From "Capital", v. 1 ch. 10, note 22:
"With what fanaticism, according to the evidence of manufacturers given in courts of law, their hands set themselves against every interruption in factory labour, the following curious circumstance shows. In the beginning of June, 1836, information reached the magistrates of Dewsbury (Yorkshire) that the owners of 8 large mills in the neighbourhood of Batley had violated the Factory Acts. Some of these gentlemen were accused of having kept at work 5 boys between 12 and 15 years of age, from 6 a.m. on Friday to 4 p.m. on the following Saturday, not allowing them any respite except for meals and one hour for sleep at midnight. And these children had to do this ceaseless labour of 30 hours in the “shoddyhole,” as the hole is called, in which the woollen rags are pulled in pieces, and where a dense atmosphere of dust, shreds, &c., forces even the adult workman to cover his mouth continually with handkerchiefs for the protection of his lungs! The accused gentlemen affirm in lieu of taking an oath — as quakers they were too scrupulously religious to take an oath — that they had, in their great compassion for the unhappy children, allowed them four hours for sleep, but the obstinate children absolutely would not go to bed. The quaker gentlemen were mulcted in £20. Dryden anticipated these gentry:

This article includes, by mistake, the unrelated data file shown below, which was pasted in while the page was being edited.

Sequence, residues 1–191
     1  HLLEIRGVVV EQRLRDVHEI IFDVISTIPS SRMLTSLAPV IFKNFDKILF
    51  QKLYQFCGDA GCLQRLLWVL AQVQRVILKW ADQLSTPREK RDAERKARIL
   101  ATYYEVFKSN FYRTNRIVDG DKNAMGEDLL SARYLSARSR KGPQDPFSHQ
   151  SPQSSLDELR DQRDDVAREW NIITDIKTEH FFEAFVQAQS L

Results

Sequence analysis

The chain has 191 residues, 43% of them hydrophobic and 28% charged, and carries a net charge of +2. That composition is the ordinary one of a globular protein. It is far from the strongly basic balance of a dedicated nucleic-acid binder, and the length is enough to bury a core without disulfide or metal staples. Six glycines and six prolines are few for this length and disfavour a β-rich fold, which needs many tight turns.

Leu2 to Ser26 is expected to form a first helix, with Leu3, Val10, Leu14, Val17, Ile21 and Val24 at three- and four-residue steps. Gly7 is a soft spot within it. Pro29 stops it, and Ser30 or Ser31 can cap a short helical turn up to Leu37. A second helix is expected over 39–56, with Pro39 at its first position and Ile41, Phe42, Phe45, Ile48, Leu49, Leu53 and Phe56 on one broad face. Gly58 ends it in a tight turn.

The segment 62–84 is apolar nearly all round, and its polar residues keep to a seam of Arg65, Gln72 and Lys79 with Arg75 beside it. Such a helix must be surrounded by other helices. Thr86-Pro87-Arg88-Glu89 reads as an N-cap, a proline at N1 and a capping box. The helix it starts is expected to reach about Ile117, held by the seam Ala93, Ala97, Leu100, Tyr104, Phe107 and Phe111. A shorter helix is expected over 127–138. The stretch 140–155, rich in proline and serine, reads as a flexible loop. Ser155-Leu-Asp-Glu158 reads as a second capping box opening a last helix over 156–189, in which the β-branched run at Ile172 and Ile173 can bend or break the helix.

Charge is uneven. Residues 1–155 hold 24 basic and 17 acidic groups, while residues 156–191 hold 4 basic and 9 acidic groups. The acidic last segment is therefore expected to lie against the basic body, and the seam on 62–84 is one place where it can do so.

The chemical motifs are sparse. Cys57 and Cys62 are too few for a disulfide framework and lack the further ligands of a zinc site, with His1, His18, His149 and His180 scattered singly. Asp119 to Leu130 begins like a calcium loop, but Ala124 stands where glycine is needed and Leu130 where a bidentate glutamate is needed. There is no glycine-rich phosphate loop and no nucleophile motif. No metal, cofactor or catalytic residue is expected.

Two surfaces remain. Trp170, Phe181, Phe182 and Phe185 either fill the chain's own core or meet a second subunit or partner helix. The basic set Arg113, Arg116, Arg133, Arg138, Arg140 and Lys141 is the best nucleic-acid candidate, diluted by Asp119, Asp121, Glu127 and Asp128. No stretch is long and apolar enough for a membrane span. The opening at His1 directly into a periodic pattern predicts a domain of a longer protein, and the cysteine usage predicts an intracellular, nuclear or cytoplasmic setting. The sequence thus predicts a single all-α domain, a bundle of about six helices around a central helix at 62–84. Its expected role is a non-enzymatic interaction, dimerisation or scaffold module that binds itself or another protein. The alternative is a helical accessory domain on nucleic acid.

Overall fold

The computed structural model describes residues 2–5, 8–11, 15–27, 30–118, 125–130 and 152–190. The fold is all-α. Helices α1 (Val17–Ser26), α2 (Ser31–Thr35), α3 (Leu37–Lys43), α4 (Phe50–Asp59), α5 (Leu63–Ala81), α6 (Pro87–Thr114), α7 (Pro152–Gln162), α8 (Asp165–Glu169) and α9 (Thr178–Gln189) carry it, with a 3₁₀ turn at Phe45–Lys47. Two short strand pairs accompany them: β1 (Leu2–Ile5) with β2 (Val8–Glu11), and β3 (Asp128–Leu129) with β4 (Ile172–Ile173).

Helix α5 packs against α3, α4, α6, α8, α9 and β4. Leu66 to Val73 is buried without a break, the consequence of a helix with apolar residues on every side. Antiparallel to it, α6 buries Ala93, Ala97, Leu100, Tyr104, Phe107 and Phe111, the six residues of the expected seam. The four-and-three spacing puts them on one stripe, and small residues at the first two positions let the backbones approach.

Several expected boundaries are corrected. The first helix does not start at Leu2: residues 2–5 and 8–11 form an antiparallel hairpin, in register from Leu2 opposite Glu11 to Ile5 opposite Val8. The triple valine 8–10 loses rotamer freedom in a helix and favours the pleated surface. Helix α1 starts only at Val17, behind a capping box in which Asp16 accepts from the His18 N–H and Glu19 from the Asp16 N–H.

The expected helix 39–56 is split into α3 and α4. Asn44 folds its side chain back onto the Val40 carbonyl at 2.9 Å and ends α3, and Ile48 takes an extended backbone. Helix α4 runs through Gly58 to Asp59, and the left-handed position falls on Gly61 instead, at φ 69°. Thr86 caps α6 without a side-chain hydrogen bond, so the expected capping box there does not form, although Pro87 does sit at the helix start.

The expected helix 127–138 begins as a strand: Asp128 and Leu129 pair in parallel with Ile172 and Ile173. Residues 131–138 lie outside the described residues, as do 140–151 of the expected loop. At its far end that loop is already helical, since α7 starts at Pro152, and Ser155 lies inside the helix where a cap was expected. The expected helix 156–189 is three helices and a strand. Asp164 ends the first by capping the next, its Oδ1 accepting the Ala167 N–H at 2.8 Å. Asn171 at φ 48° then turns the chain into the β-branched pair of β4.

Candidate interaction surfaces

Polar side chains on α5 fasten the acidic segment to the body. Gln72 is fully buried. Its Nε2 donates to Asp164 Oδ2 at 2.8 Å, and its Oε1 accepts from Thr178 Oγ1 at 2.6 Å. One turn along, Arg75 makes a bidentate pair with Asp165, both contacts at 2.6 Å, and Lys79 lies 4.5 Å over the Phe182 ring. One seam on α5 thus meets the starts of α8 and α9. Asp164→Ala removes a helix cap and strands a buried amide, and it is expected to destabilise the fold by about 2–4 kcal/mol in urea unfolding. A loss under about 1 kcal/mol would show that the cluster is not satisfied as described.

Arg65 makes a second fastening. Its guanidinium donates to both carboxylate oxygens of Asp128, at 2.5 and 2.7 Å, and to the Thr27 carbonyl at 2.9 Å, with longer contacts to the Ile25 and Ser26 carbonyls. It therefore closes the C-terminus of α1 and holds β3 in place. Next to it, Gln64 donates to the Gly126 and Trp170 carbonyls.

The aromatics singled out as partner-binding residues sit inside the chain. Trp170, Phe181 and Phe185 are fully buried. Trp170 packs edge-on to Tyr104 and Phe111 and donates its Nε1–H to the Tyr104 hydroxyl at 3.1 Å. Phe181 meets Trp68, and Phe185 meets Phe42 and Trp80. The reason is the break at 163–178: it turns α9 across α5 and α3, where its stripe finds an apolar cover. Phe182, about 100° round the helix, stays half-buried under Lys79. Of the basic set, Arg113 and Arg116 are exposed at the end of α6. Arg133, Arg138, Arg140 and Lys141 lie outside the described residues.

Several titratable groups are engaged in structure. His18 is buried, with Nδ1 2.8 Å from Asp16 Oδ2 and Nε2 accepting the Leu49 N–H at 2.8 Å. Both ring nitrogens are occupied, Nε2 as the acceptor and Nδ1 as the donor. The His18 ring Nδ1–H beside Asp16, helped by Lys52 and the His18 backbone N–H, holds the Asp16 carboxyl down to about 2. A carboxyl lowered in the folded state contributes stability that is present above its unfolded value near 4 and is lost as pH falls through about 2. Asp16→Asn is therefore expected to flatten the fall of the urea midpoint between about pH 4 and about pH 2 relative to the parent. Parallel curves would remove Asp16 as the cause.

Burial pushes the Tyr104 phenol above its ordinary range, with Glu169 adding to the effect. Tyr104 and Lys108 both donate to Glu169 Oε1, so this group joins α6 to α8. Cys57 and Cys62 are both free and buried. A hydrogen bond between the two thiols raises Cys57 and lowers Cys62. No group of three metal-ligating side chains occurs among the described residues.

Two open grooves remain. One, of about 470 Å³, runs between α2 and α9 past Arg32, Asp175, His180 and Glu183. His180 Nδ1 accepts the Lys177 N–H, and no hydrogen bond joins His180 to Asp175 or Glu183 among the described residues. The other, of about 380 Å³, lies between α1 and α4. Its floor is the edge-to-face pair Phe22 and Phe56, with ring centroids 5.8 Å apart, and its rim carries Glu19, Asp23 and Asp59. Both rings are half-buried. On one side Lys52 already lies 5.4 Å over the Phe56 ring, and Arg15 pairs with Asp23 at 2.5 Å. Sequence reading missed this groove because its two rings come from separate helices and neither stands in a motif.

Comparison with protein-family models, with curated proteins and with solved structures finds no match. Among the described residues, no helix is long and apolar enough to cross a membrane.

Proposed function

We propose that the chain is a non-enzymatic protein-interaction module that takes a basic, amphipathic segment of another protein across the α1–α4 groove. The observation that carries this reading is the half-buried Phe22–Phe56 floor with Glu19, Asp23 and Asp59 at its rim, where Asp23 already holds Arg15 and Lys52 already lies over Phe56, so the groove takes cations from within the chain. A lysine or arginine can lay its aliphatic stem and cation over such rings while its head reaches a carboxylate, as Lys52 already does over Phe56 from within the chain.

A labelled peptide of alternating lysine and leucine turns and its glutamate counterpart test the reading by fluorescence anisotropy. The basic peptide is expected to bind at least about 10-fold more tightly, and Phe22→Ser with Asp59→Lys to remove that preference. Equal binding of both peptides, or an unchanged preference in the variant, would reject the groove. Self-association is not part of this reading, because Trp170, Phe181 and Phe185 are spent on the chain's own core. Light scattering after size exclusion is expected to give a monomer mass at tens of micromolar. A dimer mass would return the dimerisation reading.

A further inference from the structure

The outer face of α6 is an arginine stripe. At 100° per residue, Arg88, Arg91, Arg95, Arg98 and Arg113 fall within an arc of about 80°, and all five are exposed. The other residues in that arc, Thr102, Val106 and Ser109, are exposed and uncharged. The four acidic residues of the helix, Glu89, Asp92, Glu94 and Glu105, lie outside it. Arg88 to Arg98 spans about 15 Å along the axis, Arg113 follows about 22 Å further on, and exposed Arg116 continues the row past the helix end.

Fox full fraught in seeming sanctity,
That feared an oath, but like the devil would lie,
That look’d like Lent, and had the holy leer,
And durst not sin! before he said his prayer!”"